It’s safe to say not much has changed and, perhaps, it never will if war and hatred continue to be our modus operandi. The million dollar question is this: Are we doomed as humans to this destructive cycle of scapegoatism and righteous indignation? Or is there truly a possibility – a probability – for something else?
The United States, like Canada, is a country of immigrants. Between 1892 and 1954, twelve million citizens of other nations landed at Ellis Island seeking asylum in their new homeland. Close to 40% of Americans can trace their genealogy through these early immigrants.1
There are two kinds of Ellis Island tours available. The first is a free audio tour of the Ellis Island Immigration Museum and is included in the general $18 ferry ticket. (Note: most of the museum’s artifacts have been removed due to water damage incurred during Hurricane Sandy.) The ferry also makes stops at the Statue of Liberty, but does not include admission to the top of the statue.
The second, a 90-minute docent-led tour, permits access for a limited number of guests to the unrestored hospital and some of the other buildings that are not open to the general public. Within these buildings, French artist JR has installed photographs of some of the immigrants who passed through the hospital, breathing new life into the space.
I was really at Ellis Island to access the JR tour. Not only do I like exploring abandoned buildings, the subject matter is particularly relevant to my field of interest: the relationship of people to their homes and communities. And while I wholly subscribe to the idea of Ask and you shall receive, on occasion – and much to my chagrin – I don’t always get what I want.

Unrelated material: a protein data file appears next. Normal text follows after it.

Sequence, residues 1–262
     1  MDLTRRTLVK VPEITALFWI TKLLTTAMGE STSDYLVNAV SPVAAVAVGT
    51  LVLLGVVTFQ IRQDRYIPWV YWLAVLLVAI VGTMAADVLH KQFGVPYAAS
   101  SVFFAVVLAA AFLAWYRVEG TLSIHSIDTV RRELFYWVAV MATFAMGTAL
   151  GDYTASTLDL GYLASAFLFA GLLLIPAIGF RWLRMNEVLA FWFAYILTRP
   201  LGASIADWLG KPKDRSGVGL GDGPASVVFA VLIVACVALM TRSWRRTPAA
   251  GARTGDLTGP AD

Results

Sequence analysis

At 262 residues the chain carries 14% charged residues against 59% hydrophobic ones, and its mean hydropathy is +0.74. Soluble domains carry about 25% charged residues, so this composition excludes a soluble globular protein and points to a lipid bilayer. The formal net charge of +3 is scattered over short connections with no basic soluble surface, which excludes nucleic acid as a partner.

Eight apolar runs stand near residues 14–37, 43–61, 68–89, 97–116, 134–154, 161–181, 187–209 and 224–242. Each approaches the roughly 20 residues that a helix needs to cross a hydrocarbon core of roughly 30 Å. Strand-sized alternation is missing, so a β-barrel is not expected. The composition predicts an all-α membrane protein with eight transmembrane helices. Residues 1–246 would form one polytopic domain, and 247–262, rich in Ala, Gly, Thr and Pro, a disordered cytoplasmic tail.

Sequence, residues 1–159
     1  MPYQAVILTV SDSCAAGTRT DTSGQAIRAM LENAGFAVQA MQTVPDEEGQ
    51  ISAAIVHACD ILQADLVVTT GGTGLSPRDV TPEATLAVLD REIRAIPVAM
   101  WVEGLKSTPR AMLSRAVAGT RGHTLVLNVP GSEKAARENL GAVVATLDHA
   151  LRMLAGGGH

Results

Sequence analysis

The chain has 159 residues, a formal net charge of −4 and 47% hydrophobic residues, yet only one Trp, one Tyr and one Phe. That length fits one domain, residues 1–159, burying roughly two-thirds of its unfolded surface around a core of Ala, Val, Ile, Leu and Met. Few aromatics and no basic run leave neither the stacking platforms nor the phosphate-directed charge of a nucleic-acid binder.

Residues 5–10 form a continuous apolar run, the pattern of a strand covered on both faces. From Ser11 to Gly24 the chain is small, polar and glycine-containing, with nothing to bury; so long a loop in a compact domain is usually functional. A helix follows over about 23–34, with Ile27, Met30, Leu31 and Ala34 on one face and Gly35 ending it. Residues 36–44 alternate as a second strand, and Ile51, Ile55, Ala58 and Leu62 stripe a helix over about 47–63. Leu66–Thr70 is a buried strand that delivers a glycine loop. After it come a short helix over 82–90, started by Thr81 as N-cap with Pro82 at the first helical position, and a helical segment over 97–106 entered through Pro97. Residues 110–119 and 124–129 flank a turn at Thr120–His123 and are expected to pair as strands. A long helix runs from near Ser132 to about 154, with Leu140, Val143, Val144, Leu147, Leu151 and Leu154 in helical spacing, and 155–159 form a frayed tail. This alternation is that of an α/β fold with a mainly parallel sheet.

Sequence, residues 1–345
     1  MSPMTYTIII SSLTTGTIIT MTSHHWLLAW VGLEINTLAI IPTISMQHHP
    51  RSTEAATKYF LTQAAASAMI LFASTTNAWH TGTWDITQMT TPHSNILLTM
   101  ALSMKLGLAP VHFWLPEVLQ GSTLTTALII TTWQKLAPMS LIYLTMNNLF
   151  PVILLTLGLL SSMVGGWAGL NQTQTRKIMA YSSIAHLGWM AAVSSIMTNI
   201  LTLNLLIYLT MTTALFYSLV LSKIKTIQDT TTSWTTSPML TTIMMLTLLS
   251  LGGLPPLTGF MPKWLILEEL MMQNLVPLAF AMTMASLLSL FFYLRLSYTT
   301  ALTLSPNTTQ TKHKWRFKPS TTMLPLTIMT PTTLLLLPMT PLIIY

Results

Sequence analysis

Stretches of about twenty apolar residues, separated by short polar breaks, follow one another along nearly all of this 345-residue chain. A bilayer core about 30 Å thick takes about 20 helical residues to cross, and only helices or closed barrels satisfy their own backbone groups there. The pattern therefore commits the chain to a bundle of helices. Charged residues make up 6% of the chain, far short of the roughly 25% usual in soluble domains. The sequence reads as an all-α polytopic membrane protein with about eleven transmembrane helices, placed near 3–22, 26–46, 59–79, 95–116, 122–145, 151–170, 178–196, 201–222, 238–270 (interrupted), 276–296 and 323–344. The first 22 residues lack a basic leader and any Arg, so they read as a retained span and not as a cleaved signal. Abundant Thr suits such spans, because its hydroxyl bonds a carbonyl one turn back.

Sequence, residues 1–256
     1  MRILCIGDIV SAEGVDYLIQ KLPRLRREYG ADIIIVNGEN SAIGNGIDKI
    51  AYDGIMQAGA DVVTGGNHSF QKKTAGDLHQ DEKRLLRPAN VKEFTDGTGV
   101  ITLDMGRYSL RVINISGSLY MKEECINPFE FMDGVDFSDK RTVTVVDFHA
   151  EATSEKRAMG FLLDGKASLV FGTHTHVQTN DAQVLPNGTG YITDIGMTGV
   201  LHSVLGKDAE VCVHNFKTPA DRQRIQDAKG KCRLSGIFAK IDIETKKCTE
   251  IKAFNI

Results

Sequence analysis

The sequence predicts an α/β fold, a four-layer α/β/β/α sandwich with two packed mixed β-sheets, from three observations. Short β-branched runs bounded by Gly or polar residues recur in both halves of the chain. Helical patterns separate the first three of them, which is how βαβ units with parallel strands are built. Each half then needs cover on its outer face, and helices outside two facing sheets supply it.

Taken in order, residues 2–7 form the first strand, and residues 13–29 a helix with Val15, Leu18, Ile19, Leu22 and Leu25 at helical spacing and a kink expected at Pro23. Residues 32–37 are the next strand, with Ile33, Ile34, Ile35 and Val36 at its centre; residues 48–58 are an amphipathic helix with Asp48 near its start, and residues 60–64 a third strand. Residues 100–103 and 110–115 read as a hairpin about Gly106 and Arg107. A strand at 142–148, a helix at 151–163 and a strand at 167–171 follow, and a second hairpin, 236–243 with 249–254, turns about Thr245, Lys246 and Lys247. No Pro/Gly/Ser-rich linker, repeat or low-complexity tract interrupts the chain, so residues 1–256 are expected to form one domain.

Me: Hi. I’m in from out of town and I really want to see the J.R. art tour of Ellis Island.
Her: Do you have a ticket?
Me: No. I called this morning but no one called me back.
Her: You must buy tickets in advance.
Me: I tried, but I thought I’d just come down and see if there’s a “no show.” There are always no-shows, especially on an awful day like today. I’m happy to pay.
Her: You can’t do that.
Me: Why not if there’s room?
Her: Those are the rules.
Me: Ummm, is it a security thing?
Her: Those are the the rules.
Me: But there’s always a way around things.
Her: (Laughs) There’s no way around this. I’m the person you have to talk to. You have to call Statue Cruises. And all the tours are sold out through next month.
Me: So I guess I have to be a local or on a foreign tour that books months in advance? So much for accessibility.
A few minutes later, Buddy In a Dark Suit is standing next to me while I photograph the Great Hall.
Over the years, millions of people have passed through the old hospital at Ellis Island on their way to freedom in America. Clearly, I wasn’t going to be one of them.
Here’s a peek at the JR tour:
And a photo tour of the Ellis Island Immigration Museum:
The Library of Congress: Topics in Chronicling America – Ellis Island
Scholastic.com: Interactive Tour of Ellis Island
History Channel: This Day in History – Ellis Island
New York Public Library: Why Your Family Name Was Not Changed on Ellis Island